What political function did violence serve in the South in the decades after the Civil War?
During the Reconstruction Era, violence served the political purpose of making it easier for white Southerners to resist the Reconstruction governments and to “redeem” their states.
During Reconstruction, the North imposed governments on the Southern states. The forced the states of the South to, for example, have governments that were elected by all men. This included African Americans. These governments were typically dominated by Republicans who favored Reconstruction.
Many white Southerners hated this situation. They wanted to control their states just as they had in the years before the Civil War. Therefore, many of them turned to violence and threats of violence. The purpose of this violence was to intimidate African Americans as well as whites who supported the Reconstruction governments. White groups carried out violent acts against blacks who tried to vote or who were political leaders. They sometimes did the same against “carpetbaggers” or “scalawags.” Whites who supported the Democratic Party and “redemption” used this violence as a threat against others. They used the threat of violence to prevent blacks and Republican whites from voting or participating in politics.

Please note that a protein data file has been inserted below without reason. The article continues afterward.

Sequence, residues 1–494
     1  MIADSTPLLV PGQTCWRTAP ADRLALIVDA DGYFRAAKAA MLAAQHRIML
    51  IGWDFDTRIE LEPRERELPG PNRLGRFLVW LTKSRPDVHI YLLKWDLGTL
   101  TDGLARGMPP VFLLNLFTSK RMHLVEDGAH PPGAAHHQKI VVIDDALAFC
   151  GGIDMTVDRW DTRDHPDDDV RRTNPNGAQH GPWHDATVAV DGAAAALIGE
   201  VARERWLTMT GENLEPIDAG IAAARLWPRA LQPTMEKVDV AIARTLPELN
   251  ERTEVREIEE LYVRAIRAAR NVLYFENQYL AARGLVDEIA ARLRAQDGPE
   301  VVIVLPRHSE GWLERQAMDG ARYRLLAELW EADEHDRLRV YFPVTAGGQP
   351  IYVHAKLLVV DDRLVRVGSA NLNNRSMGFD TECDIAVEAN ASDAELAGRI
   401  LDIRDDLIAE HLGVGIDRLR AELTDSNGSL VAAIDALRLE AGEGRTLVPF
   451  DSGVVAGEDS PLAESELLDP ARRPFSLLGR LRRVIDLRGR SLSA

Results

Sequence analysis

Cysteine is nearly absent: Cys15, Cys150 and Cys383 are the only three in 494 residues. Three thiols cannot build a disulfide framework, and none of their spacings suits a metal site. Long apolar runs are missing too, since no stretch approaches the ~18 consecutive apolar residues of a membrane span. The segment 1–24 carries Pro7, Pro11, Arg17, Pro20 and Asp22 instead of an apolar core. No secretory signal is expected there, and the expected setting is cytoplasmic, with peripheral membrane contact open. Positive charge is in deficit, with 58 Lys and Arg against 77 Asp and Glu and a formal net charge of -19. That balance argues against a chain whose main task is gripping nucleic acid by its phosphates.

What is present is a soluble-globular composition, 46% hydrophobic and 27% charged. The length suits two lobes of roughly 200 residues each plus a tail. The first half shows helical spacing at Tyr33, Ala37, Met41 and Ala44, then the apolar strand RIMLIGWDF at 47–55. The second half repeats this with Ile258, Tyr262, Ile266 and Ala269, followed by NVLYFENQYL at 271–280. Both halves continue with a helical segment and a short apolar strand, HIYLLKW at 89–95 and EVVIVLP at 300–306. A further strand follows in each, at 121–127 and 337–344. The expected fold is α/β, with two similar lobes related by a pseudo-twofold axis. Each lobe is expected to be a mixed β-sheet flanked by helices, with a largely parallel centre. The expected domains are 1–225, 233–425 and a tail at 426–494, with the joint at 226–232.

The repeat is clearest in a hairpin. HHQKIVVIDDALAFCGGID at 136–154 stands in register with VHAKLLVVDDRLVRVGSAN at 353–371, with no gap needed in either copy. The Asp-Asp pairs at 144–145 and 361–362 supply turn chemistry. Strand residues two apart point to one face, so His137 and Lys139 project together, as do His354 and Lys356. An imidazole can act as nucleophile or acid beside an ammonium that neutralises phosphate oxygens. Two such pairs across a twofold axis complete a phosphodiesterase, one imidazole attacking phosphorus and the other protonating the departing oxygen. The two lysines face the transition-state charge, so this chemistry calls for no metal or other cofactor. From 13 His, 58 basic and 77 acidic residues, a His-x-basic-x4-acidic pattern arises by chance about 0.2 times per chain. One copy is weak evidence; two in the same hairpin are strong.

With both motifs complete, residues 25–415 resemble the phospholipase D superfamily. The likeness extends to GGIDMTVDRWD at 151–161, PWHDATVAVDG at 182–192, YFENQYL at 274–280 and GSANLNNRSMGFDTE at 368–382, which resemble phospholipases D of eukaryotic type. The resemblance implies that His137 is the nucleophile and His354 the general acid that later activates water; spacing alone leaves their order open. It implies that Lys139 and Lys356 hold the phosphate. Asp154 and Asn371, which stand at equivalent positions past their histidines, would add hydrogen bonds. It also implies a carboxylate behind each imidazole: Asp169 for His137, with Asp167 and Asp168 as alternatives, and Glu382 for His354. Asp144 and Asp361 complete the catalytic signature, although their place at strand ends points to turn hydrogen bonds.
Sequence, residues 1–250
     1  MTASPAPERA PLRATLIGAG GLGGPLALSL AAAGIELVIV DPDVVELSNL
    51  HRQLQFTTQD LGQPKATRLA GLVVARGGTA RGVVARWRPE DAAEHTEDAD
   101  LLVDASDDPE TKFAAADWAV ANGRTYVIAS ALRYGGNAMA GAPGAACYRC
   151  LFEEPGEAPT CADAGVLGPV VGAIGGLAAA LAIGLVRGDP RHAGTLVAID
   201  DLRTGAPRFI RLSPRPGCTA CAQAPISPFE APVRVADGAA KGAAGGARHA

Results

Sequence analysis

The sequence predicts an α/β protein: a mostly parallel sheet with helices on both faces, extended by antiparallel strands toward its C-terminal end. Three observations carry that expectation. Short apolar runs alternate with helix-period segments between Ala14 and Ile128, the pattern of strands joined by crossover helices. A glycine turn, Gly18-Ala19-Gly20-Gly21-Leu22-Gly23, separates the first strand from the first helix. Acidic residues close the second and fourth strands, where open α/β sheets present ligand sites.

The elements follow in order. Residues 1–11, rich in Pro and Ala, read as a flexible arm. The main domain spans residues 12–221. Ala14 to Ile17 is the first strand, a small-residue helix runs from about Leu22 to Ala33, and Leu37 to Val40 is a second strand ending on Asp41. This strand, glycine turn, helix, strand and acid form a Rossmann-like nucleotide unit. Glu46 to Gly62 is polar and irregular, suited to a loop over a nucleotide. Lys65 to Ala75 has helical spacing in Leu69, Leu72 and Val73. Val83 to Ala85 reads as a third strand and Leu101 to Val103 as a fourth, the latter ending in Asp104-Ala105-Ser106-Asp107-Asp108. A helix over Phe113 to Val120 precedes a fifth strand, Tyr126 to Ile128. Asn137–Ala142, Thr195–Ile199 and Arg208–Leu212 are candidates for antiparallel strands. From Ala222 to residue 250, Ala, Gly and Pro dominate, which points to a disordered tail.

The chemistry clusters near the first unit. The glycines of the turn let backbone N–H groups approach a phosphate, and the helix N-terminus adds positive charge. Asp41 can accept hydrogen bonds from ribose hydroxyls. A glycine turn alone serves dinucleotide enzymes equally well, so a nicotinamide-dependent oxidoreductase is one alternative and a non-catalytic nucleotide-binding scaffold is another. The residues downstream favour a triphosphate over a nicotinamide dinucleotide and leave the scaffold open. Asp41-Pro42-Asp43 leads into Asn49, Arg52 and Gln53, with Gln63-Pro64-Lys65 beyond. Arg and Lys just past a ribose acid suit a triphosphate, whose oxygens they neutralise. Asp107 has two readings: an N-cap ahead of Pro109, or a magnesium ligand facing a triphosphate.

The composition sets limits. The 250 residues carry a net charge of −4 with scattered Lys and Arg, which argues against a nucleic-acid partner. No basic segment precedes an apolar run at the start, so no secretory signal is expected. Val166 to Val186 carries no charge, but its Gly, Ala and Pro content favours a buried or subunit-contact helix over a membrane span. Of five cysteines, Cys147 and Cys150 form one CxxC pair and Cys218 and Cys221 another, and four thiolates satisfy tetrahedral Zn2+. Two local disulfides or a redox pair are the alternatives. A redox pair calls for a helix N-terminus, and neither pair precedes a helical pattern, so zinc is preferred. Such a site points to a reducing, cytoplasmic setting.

Thus, the political purpose of violence at this time was to weaken Reconstruction governments and make it easier for white Democrats to retake control of their states.